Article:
A highlight from Braden_Ream_and_Emily_Lonetto_VOICE_Global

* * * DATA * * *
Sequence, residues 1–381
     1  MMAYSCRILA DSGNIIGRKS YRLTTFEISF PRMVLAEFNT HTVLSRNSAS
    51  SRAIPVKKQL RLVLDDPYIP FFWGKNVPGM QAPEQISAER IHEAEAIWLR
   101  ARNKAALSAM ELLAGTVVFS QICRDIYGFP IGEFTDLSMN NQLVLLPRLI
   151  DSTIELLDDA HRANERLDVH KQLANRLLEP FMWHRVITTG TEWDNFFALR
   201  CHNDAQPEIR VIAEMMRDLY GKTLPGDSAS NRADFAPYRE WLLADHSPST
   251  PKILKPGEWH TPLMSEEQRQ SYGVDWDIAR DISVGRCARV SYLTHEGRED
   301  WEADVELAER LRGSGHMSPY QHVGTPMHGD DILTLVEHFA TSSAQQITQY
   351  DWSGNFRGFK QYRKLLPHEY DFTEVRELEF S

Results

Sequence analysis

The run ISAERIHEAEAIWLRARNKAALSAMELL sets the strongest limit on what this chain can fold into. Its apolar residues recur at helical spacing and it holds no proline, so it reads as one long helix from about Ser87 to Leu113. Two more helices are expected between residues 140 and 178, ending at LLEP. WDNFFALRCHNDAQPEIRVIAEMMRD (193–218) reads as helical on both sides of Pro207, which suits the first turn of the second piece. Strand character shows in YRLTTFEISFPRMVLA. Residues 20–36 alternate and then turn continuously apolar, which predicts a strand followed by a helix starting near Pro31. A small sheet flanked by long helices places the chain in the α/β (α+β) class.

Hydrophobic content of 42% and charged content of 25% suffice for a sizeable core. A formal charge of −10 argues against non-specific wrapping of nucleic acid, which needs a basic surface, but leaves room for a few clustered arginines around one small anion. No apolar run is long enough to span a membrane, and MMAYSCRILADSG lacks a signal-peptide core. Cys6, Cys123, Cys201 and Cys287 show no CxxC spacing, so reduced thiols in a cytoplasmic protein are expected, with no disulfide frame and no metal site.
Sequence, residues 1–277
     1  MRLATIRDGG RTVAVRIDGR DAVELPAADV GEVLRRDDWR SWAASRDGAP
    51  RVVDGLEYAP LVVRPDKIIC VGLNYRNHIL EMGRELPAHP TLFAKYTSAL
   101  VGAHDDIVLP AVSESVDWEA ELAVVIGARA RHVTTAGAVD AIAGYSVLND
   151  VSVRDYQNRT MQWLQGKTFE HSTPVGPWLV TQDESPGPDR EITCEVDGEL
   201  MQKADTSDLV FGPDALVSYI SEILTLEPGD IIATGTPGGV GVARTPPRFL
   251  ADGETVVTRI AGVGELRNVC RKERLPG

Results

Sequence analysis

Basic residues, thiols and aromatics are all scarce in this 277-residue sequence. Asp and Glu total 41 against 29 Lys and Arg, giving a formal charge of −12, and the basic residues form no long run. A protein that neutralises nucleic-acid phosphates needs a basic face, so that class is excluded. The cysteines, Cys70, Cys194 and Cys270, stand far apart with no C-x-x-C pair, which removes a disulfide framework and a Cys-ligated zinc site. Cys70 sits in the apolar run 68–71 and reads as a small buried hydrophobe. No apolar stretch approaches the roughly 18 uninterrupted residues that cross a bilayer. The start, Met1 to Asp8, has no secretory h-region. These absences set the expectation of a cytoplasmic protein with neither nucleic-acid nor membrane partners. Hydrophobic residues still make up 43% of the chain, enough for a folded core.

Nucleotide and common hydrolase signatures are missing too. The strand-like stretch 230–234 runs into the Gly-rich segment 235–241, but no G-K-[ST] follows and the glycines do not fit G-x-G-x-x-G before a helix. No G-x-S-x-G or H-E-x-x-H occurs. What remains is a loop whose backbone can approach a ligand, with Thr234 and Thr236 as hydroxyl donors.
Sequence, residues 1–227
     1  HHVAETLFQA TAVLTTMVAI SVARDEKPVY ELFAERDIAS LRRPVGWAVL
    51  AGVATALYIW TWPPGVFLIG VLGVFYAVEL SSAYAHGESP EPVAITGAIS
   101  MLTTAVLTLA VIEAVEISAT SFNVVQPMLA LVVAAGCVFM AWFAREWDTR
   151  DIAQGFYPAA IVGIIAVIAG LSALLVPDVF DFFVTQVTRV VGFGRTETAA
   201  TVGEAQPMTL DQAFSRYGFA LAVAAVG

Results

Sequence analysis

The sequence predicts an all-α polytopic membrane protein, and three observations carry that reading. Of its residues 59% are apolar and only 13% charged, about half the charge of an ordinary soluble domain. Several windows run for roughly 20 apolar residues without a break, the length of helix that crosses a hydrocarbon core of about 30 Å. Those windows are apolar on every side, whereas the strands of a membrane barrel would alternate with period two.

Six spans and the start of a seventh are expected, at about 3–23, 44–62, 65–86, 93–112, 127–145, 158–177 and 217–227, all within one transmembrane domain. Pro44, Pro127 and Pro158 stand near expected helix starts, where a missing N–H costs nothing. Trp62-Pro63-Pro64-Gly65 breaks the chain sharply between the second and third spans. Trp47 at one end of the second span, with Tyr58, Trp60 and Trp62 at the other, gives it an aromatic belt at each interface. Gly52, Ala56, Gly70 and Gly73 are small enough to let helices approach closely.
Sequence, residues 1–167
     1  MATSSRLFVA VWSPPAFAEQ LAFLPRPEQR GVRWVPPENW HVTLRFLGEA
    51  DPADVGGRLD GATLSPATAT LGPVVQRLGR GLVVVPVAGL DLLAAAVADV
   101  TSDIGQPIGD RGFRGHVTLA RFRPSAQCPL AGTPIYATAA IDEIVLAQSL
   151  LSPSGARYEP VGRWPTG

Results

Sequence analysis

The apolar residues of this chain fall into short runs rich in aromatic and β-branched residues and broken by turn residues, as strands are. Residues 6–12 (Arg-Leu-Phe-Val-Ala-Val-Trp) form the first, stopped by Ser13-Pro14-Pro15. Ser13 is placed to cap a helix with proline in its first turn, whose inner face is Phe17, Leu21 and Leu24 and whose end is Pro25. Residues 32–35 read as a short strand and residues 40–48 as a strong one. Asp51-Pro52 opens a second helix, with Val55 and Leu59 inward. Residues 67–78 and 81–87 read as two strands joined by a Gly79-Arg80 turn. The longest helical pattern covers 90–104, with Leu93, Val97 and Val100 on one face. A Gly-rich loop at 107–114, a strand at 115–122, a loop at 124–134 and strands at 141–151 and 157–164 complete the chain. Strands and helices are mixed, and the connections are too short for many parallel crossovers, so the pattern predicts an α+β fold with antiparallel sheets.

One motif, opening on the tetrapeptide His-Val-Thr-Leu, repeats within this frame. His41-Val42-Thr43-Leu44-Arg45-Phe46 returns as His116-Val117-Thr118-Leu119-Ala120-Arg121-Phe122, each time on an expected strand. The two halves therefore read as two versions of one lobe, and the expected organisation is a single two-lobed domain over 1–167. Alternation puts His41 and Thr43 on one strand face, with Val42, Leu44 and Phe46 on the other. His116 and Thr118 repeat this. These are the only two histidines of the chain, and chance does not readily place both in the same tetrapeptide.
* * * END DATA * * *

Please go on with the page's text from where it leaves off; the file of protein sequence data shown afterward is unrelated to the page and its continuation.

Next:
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We're doing something. That's a little bit news. Where i'm going to be sitting down in interviewing someone who's been pretty near geared to mike sure to voice low since day one in the ceo to kinda here a little bit more about his. Take the story that we've had thus far and ultimately how he views our team views the future of voice And so with that. I'm super excited to introduce you. Brayden at the ceo and co founder of voice. Slow thanks. I'm really happy to be here so nice so nice to meet you. It's definitely i know we talk about conversations all the time when we talk about community in having these open dialogue. But i can't say that i've had as formal of a conversation with you as we're having right now and it will be interesting at interesting exercise to kind of look back on some of the conversations that we have so candidly in more a public format but excited nonetheless likewise so what's Dig in them awesome. So i know that a lot of people no voice low as is right now where we're clearly designed tool. Were clearly trying to democratize conversation design for all. But what was your introduction to voice. What got you originally excited about this idea. Yeah i think So when we were choosing a spaces set to go into so illiterate context there's there's four co-founders for voice flow and also founded previous businesses. And that's actually how emily met was She's actually mentor to be at my previous previous company. So after that company wrapped up is kind of like what's next moment and Similar to I wanna compare comparison. Bazo says that's certainly not a not adjust comparison but He gives a good explanation on why he actually began amazon. It was like the internet was growing. Thirteen thousand percents or something like that per year and anything that's growing. That quickly is really interesting. You should probably start a business in that space for us it was actually very similar to Smart speakers we saw smart speakers. The fastest growing consumer technology in history that point It was really reaching critical mass in in the us in terms of household adoption And so we want to start a company in that space and initially it was You know a whole bunch of different ideas that we thought might be needed in a world or voices ubiquitous so it was voice commerce. It was interactive entertainment. There's a whole plethora of different ideas that we Pursued and eventually we continue to go down the route of interactive stories. And as we did that we realized that the lack of tooling in the space was a real pain point for us. We're actually building these experiences or salts and that leads to the idea. Voiceless a bit of a round of an answer to get there but really just the the the rapid adoption of voice that led us to jump into the space. I think one of the things that we talk a lot about both in like the broader community voice but also very integral to kind how we how we think about product is the concept of community. Is this concept of us being able to connect more like minded people together skill share in ultimately rise. That tied for conversation design as a whole so in your own words what is community important for voice flow. What we're building here. yeah. I think communities important rarely for any space which has a fairly nascent component. I mean. I think you could make the argument that that communities important any space but especially in industries that are still trying to figure out. What are you know. The golden use cases that You know folks can really latch onto Livelihoods on top of Have a community. that's Experimenting there's an acceptance of failure because a lot of these cases aren't gonna work at first and and ultimately a sharing of ideas is what a lot of these communities are all about the made a voice community fairly powerful is everyone's experimenting with different use cases. Different ideas were simply collective progress In terms of figuring out what works. And what doesn't really help the whole space so That's that's my view on voice in particular but again i think communities a pretty integral element of really any modern software ecosystem just requires a lot of innovation to get things right and that's what community super important over the course of all this seeing the different customers seeing the different community members come in and evolve. How have you seen matt base evolve over the last few years kind of wording predict that going overall could reframe the question there so the where do we see the space going or like you know just like the types of people that are interested in conversation design the people who are joining that community like overall customer base. How has that evolved in. What are your predictions. Yeah i think you know the best way.

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